Colette Robbins

Fine Artist

Confidence takes practice, but you need it if you want to be successful and thrive.

Psychology has been a major theme throughout the career of New York artist Colette Robbins. “Understanding how our brains function, why we react to certain stimuli the way we do, and especially how we are always trying to make meaning out of abstract things is my passion,” she says. “As humans, we’re always seeking to understand, because we’re meaning-making machines,” she says. Art, she believes, is just another way to find meaning in our lives. “Ultimately, art is a manifestation of a person’s extreme curiosity about the world outside of them and trying to put that into something solid,” she explains. 

Colette’s own curiosity was born in fifth grade, when she started experimenting with oil painting. During high school, she toted her portfolio to her local college, Washington University in St. Louis, Missouri, and told them she wanted to take college classes. “If you have drive, you can be creative,” she says. “And then you should practice creativity, because really, creativity is a type of problem solving.” After high school, she attended art school, and earned her undergrad degree at the Maryland Institute of Art and her graduate degree at Parsons The New School for Design in New York City.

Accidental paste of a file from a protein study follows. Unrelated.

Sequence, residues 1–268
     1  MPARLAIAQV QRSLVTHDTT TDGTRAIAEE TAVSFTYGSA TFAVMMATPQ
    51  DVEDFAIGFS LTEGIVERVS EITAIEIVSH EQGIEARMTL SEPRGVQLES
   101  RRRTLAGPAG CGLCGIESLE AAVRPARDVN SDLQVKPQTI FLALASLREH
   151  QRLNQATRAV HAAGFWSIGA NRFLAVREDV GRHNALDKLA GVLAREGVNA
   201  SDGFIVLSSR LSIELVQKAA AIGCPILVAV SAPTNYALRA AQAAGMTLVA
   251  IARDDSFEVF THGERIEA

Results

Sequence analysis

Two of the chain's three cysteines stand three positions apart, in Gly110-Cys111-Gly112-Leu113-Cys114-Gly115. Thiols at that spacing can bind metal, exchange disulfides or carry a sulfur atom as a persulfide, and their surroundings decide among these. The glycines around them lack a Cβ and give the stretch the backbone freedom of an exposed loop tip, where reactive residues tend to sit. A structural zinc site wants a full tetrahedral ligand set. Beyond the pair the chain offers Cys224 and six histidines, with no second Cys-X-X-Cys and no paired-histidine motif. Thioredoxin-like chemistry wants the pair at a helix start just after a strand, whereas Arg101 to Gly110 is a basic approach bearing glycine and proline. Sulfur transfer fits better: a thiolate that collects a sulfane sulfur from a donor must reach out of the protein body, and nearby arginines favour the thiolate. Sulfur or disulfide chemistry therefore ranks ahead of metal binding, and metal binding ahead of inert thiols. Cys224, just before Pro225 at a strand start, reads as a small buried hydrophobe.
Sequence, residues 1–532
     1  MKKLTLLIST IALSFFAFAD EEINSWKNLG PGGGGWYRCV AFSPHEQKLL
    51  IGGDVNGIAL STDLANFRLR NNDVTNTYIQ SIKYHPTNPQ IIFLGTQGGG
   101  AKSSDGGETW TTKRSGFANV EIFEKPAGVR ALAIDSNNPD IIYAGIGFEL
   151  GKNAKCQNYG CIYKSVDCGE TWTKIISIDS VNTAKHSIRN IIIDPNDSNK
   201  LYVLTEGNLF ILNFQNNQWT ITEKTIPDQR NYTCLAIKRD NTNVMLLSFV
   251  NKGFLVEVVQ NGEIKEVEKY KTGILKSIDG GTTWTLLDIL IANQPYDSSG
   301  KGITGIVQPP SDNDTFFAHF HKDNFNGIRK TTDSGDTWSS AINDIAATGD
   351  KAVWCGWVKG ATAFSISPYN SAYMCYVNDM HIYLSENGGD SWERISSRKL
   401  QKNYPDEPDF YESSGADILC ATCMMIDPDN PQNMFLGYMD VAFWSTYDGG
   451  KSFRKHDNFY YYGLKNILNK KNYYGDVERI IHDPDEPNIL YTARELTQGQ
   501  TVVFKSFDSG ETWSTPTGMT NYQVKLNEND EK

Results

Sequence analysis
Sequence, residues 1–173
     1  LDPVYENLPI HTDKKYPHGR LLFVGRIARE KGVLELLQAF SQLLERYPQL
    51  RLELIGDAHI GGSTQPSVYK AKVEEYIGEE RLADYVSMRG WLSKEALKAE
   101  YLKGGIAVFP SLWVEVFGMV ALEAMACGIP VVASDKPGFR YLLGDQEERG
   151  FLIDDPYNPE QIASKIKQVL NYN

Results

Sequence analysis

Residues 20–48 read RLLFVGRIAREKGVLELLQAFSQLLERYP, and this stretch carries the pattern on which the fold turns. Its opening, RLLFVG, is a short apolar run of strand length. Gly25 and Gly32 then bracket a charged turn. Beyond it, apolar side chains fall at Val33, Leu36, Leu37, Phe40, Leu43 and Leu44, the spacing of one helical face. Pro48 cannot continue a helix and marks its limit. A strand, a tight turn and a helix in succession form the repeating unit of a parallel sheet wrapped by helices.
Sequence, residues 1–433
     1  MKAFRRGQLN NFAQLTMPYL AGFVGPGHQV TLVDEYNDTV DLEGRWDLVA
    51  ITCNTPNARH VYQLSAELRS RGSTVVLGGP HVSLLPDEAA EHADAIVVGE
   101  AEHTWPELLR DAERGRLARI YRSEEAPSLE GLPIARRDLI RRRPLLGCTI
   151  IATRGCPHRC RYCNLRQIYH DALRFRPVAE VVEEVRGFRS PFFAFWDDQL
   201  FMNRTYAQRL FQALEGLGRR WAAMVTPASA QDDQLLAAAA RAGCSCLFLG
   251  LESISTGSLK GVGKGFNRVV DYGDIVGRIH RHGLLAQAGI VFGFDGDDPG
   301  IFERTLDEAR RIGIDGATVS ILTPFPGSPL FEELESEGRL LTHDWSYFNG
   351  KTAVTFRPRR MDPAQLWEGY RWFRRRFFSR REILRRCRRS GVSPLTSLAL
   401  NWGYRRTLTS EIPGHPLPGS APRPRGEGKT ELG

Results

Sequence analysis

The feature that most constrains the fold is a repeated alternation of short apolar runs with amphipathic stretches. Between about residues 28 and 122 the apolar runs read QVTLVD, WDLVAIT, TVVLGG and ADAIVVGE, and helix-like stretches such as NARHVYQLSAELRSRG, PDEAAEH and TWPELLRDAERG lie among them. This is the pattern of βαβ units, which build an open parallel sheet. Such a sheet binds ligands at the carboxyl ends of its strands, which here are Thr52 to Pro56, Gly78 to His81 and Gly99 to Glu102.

Higher education didn’t teach Colette how to be creative. She wholeheartedly believes it’s not something that has to be taught. But, higher education did expose her to a community of like-minded people, and she urges all people with a creative dream to find their community. “Finding the right people around you to give you really honest feedback, the kind that’s going to strengthen your vision, is so important.” If curiosity and community are the cornerstones of her creative practice, the third point of the triangle is confidence. “It’s extremely important to just trust that you are worth being out there, while still respecting your inner critic. There should be a nice balance of trust and pushing, and trust and pushing, and those are the things in life that take practice. Confidence takes practice, but you need it if you want to be successful and thrive.”

Stories & Surroundings

Photography by Agnes Thor Written by Caroline Ryder Directed by Alex Amoling